Focusing on the fame game.

June 26, 2011

It’s funny how fame can brush up against us ordinary folk, like a butterfly flitting past our faces while we daydream in the hammock on a lazy summer day.

Tina Turner once waved and smiled at me as she bee-lined through the lobby of the theatre I managed, a brief glimmer of appreciation for the fact I’d roped off a row of seats so she and her entourage could sneak in after the lights went down.

As an entertainment reporter, I’ve interviewed the likes of Arnold Schwarzenegger, Sean Astin, director Curtis Hanson and author Anne Rice.

And now, it turns out, I also have a connection with Richard Lam.

Right about now, you’re probably asking yourself Richard who? He’s the photographer who, while in the employ of Getty Images, snapped the photo of the couple kissing as chaos swirled them during the Stanley Cup riot in Vancouver (see photo with this post).

Richard and I once worked together at the Langley Times. During my 11 years with the newspaper, I saw several weekend-slash-holiday relief photographers come and go and Richard was one of them. I can’t honestly say I knew him well but I did consider us friends and so am going to bask in a bit of his glory, in one of those “Hey, I know that guy” moments.

I have to admit to being dubious when I first saw the photo of Australian Scott Jones lying in the middle of the street with his new Canadian girlfriend, Alex Thomas.

My initial thought was that the shot had been set up. One of those, “Yo, buddy, take our photo while we pretend to make out in the middle of this riot. It will look so cool on my Facebook page.”

It was either that or one of those moments of wild, unleashed, unbridled passion where you just want to holler, “Hey, you two! Get a room! Preferably one without burning cars.”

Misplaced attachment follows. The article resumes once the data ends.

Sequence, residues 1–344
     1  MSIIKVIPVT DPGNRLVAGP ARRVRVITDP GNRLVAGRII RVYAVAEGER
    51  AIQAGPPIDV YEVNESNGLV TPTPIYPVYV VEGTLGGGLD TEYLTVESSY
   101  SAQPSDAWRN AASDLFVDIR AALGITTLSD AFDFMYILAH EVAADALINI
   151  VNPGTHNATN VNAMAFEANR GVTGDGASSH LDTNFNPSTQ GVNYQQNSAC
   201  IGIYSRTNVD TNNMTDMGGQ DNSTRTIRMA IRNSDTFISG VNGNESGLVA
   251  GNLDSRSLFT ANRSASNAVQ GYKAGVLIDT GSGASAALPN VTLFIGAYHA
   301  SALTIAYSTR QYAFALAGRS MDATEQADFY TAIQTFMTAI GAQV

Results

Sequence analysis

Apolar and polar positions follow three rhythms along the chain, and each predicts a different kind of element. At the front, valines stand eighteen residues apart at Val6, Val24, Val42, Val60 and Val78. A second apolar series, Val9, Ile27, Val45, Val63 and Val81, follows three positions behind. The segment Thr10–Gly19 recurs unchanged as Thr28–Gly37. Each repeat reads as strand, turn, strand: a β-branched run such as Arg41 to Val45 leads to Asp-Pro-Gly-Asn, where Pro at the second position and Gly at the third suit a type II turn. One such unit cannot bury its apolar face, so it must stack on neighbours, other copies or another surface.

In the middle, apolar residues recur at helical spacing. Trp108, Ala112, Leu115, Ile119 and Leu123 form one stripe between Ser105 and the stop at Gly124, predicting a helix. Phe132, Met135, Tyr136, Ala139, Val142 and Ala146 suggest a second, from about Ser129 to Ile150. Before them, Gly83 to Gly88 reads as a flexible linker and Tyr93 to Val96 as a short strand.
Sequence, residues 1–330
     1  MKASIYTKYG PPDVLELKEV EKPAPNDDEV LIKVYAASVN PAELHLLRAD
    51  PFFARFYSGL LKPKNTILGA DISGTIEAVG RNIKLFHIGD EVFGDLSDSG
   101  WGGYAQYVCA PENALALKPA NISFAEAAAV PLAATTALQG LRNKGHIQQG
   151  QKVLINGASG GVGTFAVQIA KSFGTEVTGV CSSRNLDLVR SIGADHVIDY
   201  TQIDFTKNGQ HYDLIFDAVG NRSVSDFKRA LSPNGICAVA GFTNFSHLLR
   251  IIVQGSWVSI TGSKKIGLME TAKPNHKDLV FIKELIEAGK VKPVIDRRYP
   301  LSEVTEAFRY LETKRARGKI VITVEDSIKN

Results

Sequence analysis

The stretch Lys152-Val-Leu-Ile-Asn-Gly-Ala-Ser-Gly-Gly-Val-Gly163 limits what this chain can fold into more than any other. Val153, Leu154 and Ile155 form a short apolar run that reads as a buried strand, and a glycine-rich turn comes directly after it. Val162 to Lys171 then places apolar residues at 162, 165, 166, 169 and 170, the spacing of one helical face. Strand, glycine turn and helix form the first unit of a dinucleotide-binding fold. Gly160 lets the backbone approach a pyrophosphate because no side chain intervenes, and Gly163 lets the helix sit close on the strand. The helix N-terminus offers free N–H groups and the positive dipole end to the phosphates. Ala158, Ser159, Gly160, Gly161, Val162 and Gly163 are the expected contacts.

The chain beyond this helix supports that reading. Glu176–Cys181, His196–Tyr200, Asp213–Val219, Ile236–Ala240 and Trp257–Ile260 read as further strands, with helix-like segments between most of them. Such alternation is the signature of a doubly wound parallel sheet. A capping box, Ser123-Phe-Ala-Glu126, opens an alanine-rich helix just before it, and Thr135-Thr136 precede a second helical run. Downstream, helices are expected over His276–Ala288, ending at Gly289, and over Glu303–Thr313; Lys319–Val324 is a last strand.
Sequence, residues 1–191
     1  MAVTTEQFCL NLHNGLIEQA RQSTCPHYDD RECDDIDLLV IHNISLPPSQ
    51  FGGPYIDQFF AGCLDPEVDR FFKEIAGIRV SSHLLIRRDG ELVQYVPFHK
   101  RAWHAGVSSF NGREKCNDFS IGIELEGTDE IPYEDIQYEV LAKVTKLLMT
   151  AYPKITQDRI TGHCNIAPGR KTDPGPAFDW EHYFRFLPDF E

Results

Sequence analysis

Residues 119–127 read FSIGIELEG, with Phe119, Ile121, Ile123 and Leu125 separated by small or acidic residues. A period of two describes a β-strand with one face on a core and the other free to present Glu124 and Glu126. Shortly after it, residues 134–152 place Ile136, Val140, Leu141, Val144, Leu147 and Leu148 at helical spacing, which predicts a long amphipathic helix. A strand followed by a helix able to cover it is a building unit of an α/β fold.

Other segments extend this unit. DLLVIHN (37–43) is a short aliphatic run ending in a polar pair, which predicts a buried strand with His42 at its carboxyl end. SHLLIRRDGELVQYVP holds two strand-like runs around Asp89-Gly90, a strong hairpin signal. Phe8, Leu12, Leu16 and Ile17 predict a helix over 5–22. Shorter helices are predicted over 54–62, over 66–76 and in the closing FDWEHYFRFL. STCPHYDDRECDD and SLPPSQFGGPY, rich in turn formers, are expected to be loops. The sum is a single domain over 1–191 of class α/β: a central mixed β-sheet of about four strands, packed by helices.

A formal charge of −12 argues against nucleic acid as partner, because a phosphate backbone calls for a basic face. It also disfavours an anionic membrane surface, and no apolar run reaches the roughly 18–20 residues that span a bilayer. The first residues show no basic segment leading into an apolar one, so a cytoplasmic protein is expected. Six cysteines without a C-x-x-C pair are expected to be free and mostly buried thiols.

But, according to quotes from Richard, and amateur video that has since emerged, the photo is genuine, that after being knocked over by the police riot squad, Scott is consoling Alex as madness reigns around them.

Richard admitted he didn’t even know he had taken a shot that would eventually become an Internet sensation and be printed in newspapers all over the world (including both major dailies here in New Zealand) until a fellow photographer saw it on a Getty computer as Richard’s memory card was being downloaded.

It seems Richard was fortunate enough to be in the right place at the right time with a camera. I know the feeling. Not the international acclaim, mind you, but the thrill of capturing a random, candid moment. I favour photographing people going about their lives, usually at markets or fairs or parades or other public gatherings, and am constantly amazed at what I called “happy accidents.”

That’s where I’ve captured – via a combination of good fortune, good timing and having a good camera pressed to my face at that precise instant – an expression, a gesture that defies that subject at that exact moment in time.

Of course, my minor masterpieces are consigned to my Flickr page and are seldom recognized, never mind lauded and applauded like Richard’s shot.

Meaning that, once again, I shall have to content myself with sidling up to fame and waving madly in the background.

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